Kea Duckenfield, Office of Global Programs
It might not be obvious from the average science textbook, but not all the big questions have been answered yet. Before students can become future scientists, this point has to be brought home to them - accompanied by their own realization that the people now searching for the answers are in many ways just like them.
By sending science teachers into the field to observe and take part in NOAA research expeditions, the Teacher at Sea program is taking on the challenge of proving to students that great science still remains to be done, and that they can choose themselves to do it. Over the last twelve years, the Teacher at Sea program has sent more than 360 teachers all over the world with NOAA. Aboard ships, on planes, and on the ground, they have experienced scientific research first-hand, and then brought that experience back to their classes. (See Inset, The Science of NEAQS-ITCT 2004.)
NEAQS-ITCT 2004 Teachers in the Field
This month, over 100 scientists from five countries are wrapping up a four-month field campaign for what's being called the largest and most complex air quality-climate study in history. ICARTT (the International Consortium for Atmospheric Research on Transport and Transformation) researchers have been collecting samples and measurements over an area that extends from the middle of North America across the Atlantic Ocean and into Western Europe.
Within this huge study region, NOAA has led its own massive coordinated field mission: NEAQS-ITCT 2004: The New England Air Quality Study - International Transport and Chemical Transformation, 2004. (See Video Links.) The NOAA-led mission included ground-based sites (Chebogue Point Ground Site, in Yarmouth, Nova Scotia, Profiler Network), operational forecast support headquartered at Pease International Tradeport, airborne measurements from NOAA's Lockheed WP-3D Orion and ETL remote sensing DC-3, and four weeks of intense field work aboard the NOAA Research Vessel Ronald H. Brown. (See Pictures)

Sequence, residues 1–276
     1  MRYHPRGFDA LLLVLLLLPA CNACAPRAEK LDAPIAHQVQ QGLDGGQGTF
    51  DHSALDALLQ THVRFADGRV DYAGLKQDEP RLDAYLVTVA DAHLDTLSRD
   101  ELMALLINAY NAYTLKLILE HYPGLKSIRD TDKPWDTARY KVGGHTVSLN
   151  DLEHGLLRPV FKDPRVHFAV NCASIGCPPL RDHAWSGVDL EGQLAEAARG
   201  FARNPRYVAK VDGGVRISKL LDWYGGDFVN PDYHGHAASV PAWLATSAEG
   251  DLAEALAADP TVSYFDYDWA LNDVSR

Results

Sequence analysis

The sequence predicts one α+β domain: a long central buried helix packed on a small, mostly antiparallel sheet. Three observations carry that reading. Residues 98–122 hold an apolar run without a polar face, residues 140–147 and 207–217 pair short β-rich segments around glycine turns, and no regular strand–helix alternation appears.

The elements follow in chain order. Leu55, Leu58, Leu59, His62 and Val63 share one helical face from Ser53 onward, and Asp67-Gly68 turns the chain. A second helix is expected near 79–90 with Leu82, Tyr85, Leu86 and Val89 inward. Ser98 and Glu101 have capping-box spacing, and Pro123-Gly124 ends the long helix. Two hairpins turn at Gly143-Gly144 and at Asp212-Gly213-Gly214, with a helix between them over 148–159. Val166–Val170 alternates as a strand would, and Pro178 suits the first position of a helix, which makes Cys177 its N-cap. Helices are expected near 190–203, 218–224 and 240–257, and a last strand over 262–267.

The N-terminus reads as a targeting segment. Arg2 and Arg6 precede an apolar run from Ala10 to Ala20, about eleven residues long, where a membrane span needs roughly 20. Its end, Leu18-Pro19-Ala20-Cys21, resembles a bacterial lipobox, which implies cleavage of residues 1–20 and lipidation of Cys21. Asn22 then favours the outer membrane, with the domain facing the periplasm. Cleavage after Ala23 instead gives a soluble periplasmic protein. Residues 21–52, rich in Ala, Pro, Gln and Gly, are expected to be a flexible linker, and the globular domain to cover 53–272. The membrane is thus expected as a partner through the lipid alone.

Observing, reporting, and taking part in the science of NEAQS-ITCT 2004 were three American teachers: Kirk Beckendorf, from Obsidian Middle School in Redmond, Oregon; Kevin McMahon, from William E. Grady High School in Brooklyn, New York; and Brian Emond, from the University of Massachusetts, Amherst. All three participated as part of NOAA's Teacher at Sea program, and were supported by the Office of Global Programs (OGP), the NOAA Marine and Aviation aoperations (NMAO) Teacher at Sea office, and the University of Iowa's Center for Global and Regional Environmental Research (CGRER).
Kirk and Kevin spent time aboard the Brown, on the ground, and aloft. Kirk joined the Brown in Portsmouth for the first leg of her two-part cruise (July 4 - 23), and then disembarked to investigate the operations center at Pease and ground-based research at Mount Washington, and spent time with one of the forecasters in Plymouth, NH. (See Kirk's daily logs and photos.)
Kevin worked at Pease for several days, including flights on the NOAA DC-3 and NASA DC-8, before embarking for the second leg of the Brown's cruise (July 26 - August 12). He left the ship on August 9 and finished up with a second stint at Pease. (See Kevin's daily logs and photos.)